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#212547 01/21/14 07:16 PM
Joined: Jan 2014
Posts: 2
S
SamTech Offline OP
New Member
Greetings Electricians,
I am a computer tech in the S.F. Bay Area.
A customer of mine has been convinced by a local electrical contractor that extension cords should NEVER be used anywhere in her house.

This has led to some inconvenient moving of furniture just to get a lamp or stereo receiver close enough to an outlet to avoid an extension cord.
I understand why you wouldn't want to do dumb things with extension cords - like connect a microwave or fridge with a $3 ungrounded cord.
But recommending none, nowhere, never? Does that make any sense to you?

Thanks - Sam

Joined: Jan 2005
Posts: 5,370
Likes: 1
Cat Servant
Member
I suppose that this issue had to arise, sooner or later.

Extension cords, strictly speaking, are not forbidden. A properly sized cord is perfectly proper way to temporarily bring power to where you need it.

The key word here is 'temporarily.'

The code has rules for the placement of receptacles. Unfortunately, these rules are often used improperly as a 'design guide.' as a way for the contractor to do as little as possible, yet still 'meet code.' As a direct result, receptacle are often very poorly placed - at least, poorly placed for nearly ever occupant.

It's very rare for a homeowner to have any say where the receptacles will be placed; the tenant never has a say.

So, there are millions of extension cords bought every year. I suspect that the vast majority of them are less than six feet long. These are plugged in and left in place - for years at a time. When you move, the new occupant will probably buy an identical cord to use exactly as you did.

IMO, simple code compliance is no substitute for good design. Yet, that's not the way the world works. The simple reality is that cords are here to stay- and no parsing of the code book will change that.

Joined: Apr 2002
Posts: 7,333
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The 'reasoning' fot the NEC required spacing is to avoid extension cords. Most lamps & appliances are equipped with a 6' factory cord, which theoreticaly provides a receptacle that 'should' be within reach.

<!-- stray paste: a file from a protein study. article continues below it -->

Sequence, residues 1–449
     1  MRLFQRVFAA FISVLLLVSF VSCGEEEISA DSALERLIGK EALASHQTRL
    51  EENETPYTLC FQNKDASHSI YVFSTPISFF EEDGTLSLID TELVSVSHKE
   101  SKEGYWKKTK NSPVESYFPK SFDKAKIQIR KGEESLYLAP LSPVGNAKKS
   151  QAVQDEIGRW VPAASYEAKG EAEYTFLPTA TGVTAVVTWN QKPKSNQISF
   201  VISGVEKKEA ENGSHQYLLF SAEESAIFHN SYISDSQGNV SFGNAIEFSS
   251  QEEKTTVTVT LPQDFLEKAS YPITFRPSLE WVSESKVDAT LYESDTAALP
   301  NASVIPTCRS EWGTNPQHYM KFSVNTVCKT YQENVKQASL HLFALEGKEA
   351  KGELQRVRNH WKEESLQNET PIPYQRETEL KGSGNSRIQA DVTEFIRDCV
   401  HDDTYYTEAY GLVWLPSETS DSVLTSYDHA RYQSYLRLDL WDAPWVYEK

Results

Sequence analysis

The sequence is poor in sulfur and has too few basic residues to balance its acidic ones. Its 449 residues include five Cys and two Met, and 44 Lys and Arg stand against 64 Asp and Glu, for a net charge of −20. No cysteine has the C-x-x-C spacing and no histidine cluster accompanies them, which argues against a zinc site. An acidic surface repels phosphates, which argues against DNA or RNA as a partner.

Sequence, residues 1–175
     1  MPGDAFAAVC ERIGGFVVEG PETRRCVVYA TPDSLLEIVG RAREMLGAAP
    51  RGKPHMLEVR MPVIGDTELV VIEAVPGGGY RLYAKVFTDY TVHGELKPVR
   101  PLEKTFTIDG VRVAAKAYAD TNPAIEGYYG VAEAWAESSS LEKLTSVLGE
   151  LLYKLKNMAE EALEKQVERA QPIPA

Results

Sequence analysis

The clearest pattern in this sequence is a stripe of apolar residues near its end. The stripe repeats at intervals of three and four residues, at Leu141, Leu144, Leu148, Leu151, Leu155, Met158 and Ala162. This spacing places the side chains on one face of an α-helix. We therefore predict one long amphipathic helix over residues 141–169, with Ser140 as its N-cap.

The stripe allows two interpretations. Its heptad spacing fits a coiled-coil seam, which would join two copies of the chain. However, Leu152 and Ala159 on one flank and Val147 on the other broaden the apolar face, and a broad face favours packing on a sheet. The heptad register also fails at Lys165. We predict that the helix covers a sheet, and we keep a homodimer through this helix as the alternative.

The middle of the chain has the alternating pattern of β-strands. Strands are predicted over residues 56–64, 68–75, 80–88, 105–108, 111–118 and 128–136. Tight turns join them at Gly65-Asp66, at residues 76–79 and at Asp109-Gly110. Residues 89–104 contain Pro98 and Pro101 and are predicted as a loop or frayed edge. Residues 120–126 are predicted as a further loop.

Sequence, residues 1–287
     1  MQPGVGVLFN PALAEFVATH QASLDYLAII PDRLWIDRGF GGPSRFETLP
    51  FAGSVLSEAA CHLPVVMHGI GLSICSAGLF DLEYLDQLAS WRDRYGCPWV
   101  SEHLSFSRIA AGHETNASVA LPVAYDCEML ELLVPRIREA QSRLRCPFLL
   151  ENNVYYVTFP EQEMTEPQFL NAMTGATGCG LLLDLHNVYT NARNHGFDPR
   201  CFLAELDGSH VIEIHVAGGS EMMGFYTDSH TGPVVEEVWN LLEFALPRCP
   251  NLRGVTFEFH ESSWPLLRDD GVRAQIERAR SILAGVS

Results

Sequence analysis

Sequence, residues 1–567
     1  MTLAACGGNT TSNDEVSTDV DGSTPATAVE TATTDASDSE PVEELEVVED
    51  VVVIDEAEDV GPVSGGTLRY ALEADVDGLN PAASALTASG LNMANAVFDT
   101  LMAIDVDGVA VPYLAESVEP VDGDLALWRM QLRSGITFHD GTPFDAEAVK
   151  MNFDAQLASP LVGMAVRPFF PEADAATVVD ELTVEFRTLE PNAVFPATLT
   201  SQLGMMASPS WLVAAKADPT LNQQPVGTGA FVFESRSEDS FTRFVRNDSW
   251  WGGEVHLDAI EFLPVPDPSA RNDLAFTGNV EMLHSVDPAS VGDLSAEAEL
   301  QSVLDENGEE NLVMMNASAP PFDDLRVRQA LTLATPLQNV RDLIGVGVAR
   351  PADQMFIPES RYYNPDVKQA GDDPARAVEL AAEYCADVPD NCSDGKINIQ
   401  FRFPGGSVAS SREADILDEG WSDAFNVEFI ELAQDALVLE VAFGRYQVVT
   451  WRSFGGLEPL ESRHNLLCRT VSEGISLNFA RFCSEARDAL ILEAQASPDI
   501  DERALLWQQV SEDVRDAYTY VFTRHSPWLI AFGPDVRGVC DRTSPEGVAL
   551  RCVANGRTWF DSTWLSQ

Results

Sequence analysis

Take an 'older' home....built before the 'spacing', some have only two receptacles per room.

BTW, welcome to ECN


John
Joined: Jul 2004
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Member
The huge loophole in the extension cord rule is a surge protecting plug strip with a breaker.

That usually even passes muster with the fire marshal if you are not egregiously abusing the rule.


Greg Fretwell
Joined: Jan 2014
Posts: 2
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SamTech Offline OP
New Member
Thanks all of you - Greg - I especially appreciate the point about the surge protector with breaker.
All of the computer gear is plugged in with two of those - each one plugged into an outlet (not daisy-chained)

So I will just recommend the surge-protector solution for the other locations.

Thanks!

Joined: Apr 2002
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John
Joined: Aug 2009
Posts: 3
W
New Member
Originally Posted by SamTech
So I will just recommend the surge-protector solution for the other locations.
A much safer alternative is a power strip without surge protector parts. Adding those tiny protector parts has a history of causing house fires. A problem so serious in some power strips that, well, everyone should be aware of an APC warning last Oct of some protector strips that should be removed immediately. The problem exists with all power strip surge protectors. Some are more dangerous than others. Safest power strips have that 15 amps breaker, a UL listing, and no protectors parts that are the reason for fires.

Last edited by westom; 01/24/14 07:36 PM.

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